As the tale opens, there is a rumble in a room over Barnaby Sheen's garages, at Sheen's residence in Lafferty's native Oklahoma. But before we get to the source of that rumble, Lafferty dishes out a historical feast of artifacts, and even the smells of previously occupying artifacts, with his characteristic erudition. (And he slips in a line about something 'almost-ape', which will become the subject of the story.)
The sense of deep (even though relatively recent) history Lafferty induces is poignantly nostalgic, quirky, and full of wonder. It puts me in touch with my own boyhood moments spent overwhelmed and delighted in time-cluttered garages, rooms, attics, and the like, and of times with boyhood pals reading comic books and pursuing our hobbies. And it reminds all of us what an endless array of overlapping objects and their 'remnants' accompany our human life. Indeed, I suspect Lafferty would say that so-called 'inanimate' objects are a lot more animate than we think. See, for example, his story 'Symposium' (1973). And this would be in some measure of agreement with OOO theory. To Lafferty, we are not alone - in this object-opulent sense as in others. Life is full, even of 'non-living' things.
Let’s hear a little about this room, then.
In the time of Barnaby Sheen’s grandfather, who came out here from Pennsylvania at the first rumor of oil and who bought an anomalous “mansion,” this was not a room over the garages, but over the stable and carriage house.
It was a hayloft, that’s what it was; an oatloft, a fodderloft. And a little corner of it had been a harness room with brads and hammers and knives and needles as big as sailmakers’ needles, and a cobbler’s bench, and spokeshaves (for forming and trimming singletrees), and neat’s-foot oil, and all such. The room, even in its later decades, had not lost any of its old smells. There would always be the perfume of timothy hay, of sweet clover, of little bluestem grass and of prairie grass, of alfalfa, of Sudan grass, of sorghum cane, of hammered oats and of ground oats, of rock salt, of apples. Yes, there was an old barrel there that would remember its apples for a hundred years. Why had it been there? Do not horses love apples for a treat?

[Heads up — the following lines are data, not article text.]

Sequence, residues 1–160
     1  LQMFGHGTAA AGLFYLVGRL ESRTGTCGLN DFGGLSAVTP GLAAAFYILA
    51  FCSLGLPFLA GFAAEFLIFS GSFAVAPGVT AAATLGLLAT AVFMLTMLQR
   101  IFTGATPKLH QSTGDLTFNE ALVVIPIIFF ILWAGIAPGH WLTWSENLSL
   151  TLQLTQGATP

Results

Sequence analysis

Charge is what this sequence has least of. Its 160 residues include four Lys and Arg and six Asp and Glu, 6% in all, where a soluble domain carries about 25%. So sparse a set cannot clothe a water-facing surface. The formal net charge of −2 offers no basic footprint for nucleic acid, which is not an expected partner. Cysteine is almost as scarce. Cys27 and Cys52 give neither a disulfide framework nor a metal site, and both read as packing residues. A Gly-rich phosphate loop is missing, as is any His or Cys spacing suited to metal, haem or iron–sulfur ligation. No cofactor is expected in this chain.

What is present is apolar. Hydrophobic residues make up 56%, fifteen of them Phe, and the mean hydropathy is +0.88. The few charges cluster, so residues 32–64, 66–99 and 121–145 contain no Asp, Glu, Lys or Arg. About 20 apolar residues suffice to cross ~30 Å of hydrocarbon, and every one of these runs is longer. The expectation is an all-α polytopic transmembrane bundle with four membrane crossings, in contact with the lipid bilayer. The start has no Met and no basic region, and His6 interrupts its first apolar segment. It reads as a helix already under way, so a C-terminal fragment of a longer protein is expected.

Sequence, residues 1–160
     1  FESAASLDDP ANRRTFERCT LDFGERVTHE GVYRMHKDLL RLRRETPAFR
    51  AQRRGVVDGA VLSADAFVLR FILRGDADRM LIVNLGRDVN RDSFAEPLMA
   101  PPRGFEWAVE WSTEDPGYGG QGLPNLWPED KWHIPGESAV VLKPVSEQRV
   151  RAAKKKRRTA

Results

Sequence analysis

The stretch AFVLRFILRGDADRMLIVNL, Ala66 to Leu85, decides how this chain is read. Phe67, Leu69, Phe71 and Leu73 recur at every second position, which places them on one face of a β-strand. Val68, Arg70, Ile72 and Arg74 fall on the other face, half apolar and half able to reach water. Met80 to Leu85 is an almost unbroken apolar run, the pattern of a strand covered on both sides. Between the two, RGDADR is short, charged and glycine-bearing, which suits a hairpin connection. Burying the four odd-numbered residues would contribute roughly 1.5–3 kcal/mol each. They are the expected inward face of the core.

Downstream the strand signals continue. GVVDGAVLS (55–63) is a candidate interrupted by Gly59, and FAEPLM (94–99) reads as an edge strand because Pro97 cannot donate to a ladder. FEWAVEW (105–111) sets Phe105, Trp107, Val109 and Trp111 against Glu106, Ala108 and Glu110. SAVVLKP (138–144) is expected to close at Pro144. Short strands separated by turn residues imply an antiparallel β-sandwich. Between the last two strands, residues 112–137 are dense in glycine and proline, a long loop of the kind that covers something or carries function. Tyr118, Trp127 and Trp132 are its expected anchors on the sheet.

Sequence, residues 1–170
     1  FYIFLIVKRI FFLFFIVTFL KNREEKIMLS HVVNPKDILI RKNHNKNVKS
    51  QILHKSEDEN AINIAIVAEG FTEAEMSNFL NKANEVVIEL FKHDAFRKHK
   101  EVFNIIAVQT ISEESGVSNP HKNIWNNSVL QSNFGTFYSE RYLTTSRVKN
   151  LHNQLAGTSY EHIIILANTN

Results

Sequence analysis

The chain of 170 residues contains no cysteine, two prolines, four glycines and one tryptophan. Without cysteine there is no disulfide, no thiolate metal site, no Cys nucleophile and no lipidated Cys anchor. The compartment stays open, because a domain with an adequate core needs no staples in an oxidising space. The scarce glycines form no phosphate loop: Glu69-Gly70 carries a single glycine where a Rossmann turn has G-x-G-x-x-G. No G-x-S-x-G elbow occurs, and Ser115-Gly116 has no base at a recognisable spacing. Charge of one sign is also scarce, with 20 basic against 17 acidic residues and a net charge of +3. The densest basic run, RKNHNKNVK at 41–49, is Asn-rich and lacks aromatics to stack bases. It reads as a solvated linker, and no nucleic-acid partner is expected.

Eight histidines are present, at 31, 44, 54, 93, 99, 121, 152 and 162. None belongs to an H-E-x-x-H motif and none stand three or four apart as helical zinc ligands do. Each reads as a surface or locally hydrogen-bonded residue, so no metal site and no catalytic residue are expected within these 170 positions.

There was the smell of shorts and of bran, the smell of old field tobacco (it must have been cured up there in the jungle of rafters), the smell of seventy-five-year-old sparks (and the grindstone that had produced them was there, operable yet), the smell of buffalo robes (they used them for lap robes in wagons and buggies). There was a forge there and other farrier’s tools (but they had been brought up from downstairs no more than sixty years ago, so their smell was not really ancient there).
Then there were a few tokens of the automobile era, heavily built parts, cabinets, tools, old plugs, old oil smell. There were backseats of very old cars to serve as sofas and benches, horns and spotlights and old battery cases, even very old carbide and kerosene headlights. But these were in the minority: there was not so much room for a room over the garages as for a room over the stables.
There was another and later odor that was yet very evocative: it could only be called the smell of almost-ape.
And then there were our own remnants somewhat before this latter thing. This had been a sort of club room for us when we were schoolboys and when we were summer boys. There were trunks full of old funny papers. They were from the St. Louis Post-Dispatch, the St. Louis Globe, The Kansas City Star, the Chicago Tribune—those were the big-city papers that were hawked in our town, and our own World and Tribune. There were a few New York and Boston and Philadelphia funny papers also. And the funnies of the different papers were not nearly so uniform as they later became.
There were the comparatively more recent comic books. We had been older then, almost too old for such things. Yet there were a few thousand of them, mostly the original property of Cris Benedetti and John Penandrew.
There was the taxidermy of George Drakos: stuffed owls, snakes, barn swallows, water puppies, mountain boomers, flying squirrels, even foxes and wildcats. And there were the dissections (also by Drakos) of frogs, of cat brains, of fish, of cow eyes, and many other specimens. The best of these (those still maintaining themselves in good state) were preserved in formaldehyde in Pluto Water bottles. Pluto Water bottles, with their bevel-fitted glass corks and wire-clamped holders, will contain formaldehyde forever: this is a fact too little known. (Is Pluto Water still in proper history, or has it been relegated out?)
There were the Lepidoptera (the butterfly and night-moth collections) of Harry O’Donovan, and my own aggregations of rocks and rock fossils. And there were all the homemade radios, gamma-ray machines, electrical gadgets generally, coils, magnet wire, resistors, tubes, of Barnaby Sheen.